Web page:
EXAMPLE 1

The previously described ceramic filter of Comparative Example A, was modified to include the magnetic transmission line 32, shown in FIG. 1. The dimensions and geometry of the magnetic transmission line were as follows. The horizontal length between the end portions 50 and 52 in FIG. 4, was 0.230 inches (5.84 mm), and extended laterally to include the resonators (through-holes), as shown in FIG. 4. The width, as defined by item 54 was 0.1 inches (2.54 mm). The transmission line 32 includes a top portion 56 positioned 0.15 inches (3.8 mm) from the bottom and about 38 from the grounded end (bottom 16) and a bottom portion 58 positioned 0.05 inches (1.27 mm) from the bottom and about 13 from the grounded end. The frequency response is shown as item B, in FIG. 3. The high side zero, advantageously eliminates the unwanted signals. This filter is particularly adapted for use as an interstage bandpass filter in a portable receiver.

Although the present invention has been described with reference to certain preferred embodiments, numerous modifications and variations can be made by those skilled in the art without departing from the novel spirit and scope of this invention.

Patent Citations
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US4523162 *Aug 15, 1983Jun 11, 1985At&T Bell LaboratoriesMicrowave circuit device and method for fabrication
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Referenced by
Citing PatentFiling datePublication dateApplicantTitle
US5537085 *Mar 31, 1995Jul 16, 1996Motorola, Inc.Interdigital ceramic filter with transmission zero
US5721520 *Aug 14, 1995Feb 24, 1998Motorola, Inc.Ceramic filter with ground plane features which provide transmission zero and coupling adjustment
US5828275 *Feb 20, 1996Oct 27, 1998Matsushita Electric Industrial Co., Ltd.Dielectric filter including an adjusted inner electrode and a coupling electrode being level with an open end of a molded member
US5850168 *Apr 18, 1997Dec 15, 1998Motorola Inc.Ceramic transverse-electromagnetic-mode filter having a waveguide cavity mode frequency shifting void and method of tuning same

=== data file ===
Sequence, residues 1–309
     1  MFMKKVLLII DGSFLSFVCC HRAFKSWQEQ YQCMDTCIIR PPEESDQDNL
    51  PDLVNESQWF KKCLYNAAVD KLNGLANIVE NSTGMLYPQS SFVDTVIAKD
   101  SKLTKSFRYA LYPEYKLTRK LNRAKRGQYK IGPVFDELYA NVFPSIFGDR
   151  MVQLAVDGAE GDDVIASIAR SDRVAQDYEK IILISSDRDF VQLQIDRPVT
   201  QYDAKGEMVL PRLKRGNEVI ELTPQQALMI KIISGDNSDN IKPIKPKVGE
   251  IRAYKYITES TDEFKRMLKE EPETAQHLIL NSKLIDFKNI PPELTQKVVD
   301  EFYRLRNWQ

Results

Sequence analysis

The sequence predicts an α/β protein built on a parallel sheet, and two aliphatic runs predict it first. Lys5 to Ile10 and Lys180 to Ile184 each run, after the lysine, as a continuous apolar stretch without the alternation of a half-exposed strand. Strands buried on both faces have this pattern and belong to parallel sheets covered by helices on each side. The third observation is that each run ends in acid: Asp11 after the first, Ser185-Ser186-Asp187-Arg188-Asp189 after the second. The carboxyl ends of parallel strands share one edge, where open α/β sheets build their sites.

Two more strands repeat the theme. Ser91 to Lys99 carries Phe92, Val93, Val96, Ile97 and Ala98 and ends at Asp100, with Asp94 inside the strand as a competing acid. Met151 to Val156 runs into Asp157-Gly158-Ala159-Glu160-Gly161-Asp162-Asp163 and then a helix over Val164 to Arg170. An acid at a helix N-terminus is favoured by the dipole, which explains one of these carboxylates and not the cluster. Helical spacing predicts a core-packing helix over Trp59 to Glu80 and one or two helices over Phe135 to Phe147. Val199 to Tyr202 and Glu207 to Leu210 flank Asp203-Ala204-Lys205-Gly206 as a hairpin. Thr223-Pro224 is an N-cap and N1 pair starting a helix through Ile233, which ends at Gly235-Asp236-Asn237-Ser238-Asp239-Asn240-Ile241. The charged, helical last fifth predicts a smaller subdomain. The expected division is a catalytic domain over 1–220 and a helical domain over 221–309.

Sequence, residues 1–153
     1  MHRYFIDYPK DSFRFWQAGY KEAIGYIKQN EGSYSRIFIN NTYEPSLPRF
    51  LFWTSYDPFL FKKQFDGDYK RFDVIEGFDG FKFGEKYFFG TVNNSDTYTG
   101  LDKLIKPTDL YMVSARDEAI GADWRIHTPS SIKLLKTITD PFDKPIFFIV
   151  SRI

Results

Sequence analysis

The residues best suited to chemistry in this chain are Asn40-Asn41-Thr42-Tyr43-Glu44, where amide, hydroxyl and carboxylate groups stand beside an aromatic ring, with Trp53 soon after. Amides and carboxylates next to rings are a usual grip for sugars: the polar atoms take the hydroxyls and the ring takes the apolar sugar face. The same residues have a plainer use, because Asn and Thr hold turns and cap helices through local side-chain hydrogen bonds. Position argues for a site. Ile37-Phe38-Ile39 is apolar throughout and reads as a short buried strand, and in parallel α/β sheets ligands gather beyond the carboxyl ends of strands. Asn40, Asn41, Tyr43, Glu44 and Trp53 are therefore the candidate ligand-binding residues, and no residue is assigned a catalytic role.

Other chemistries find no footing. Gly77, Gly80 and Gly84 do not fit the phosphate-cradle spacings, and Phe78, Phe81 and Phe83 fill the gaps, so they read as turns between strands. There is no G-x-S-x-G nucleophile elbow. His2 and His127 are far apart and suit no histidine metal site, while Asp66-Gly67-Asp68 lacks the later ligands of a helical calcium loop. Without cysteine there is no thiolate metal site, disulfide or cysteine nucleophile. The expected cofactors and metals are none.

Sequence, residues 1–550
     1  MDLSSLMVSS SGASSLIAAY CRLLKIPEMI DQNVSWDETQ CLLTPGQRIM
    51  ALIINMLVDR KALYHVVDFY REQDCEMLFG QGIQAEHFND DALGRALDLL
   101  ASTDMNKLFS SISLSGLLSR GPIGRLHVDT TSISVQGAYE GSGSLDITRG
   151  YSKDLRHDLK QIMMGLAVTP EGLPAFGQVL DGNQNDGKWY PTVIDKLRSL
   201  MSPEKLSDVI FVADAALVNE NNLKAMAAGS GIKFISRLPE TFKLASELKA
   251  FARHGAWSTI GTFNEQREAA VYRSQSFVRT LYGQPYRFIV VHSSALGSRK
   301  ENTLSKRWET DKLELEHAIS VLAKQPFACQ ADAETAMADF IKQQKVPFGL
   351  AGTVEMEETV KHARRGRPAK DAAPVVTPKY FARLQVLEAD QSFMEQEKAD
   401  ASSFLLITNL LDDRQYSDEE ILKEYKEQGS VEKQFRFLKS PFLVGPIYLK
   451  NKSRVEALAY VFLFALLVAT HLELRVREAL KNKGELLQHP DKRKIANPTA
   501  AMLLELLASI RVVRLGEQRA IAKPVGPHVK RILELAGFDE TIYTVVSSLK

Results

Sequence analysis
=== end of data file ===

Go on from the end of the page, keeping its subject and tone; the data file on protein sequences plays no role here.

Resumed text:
US5859575 *Aug 26, 1997Jan 12, 1999Ngk Spark Plug Co., Ltd.Dielectric filter
US5889447 *Mar 22, 1996Mar 30, 1999Motorola Inc.Ceramic filter with beveled surface
US5929726 *Mar 13, 1997Jul 27, 1999Ngk Spark Plug Co., Ltd.Dielectric filter device
US5952900 *Dec 2, 1997Sep 14, 1999Cts CorporationSuppression of spurious cavity modes using resistive paste on a ceramic transverse-electromagnetic-mode (TEM) filter
US6023207 *Feb 5, 1997Feb 8, 2000Ngk Spark Plug Co., Ltd.Dielectric filter and method for adjusting resonance frequency of the same
US6150905 *Oct 19, 1998Nov 21, 2000Murata Manufacturing Co., Ltd.Dielectric filter with through-hole having large and small diameter portions and a coupling adjustment portion
US6229410 *Jun 11, 1999May 8, 2001Samsung Electro-Mechanics Co., Ltd.Integral dielectric filter
US6235341 *Apr 1, 1997May 22, 2001Ngk Spark Plug Co., Ltd.Method of preparing a high frequency dielectric filter device using screen printing
DE19857062B4 *Dec 10, 1998Jul 1, 2004Sanyo Electric Co., Ltd., MoriguchiVerfahren zum Herstellen eines dielektrischen Filters
EP0785592A1 *Jan 15, 1997Jul 23, 1997Lk-Products OyA dielectric resonator structure providing harmonic attenuation
WO1997007556A1 *Jul 11, 1996Feb 27, 1997Motorola IncCeramic filter with ground plane features which provide transmission zero and coupling adjustment
WO2001011707A1 *Aug 3, 2000Feb 15, 2001Hiroshi NakamuraA controlled performance dielectric ceramic filter
WO2001011711A1 *Aug 3, 2000Feb 15, 2001Fujiyama YoshiakiDielectric filter with a transmission line
Classifications
U.S. Classification333/206, 333/207
International ClassificationH01P1/205
Cooperative ClassificationH01P1/2056
European ClassificationH01P1/205C
Legal Events
DateCodeEventDescription
Jan 25, 2007FPAYFee payment
Year of fee payment: 12
Jan 24, 2003FPAYFee payment
Year of fee payment: 8
Mar 2, 1999ASAssignment
Owner name: CTS CORPORATION, INDIANA
Free format text: ASSIGNMENT OF ASSIGNORS INTEREST;ASSIGNOR:MOTOROLA, INC., A CORPORATION OF DELAWARE;REEL/FRAME:009808/0378
Effective date: 19990226
Dec 14, 1998FPAYFee payment
Year of fee payment: 4
Jun 20, 1994ASAssignment
Owner name: MOTOROLA, INC., ILLINOIS
Free format text: ASSIGNMENT OF ASSIGNORS INTEREST;ASSIGNORS:MCVEETY, THOMAS;CLIFFORD, DAVID G., JR.;REEL/FRAME:007043/0959
Effective date: 19940613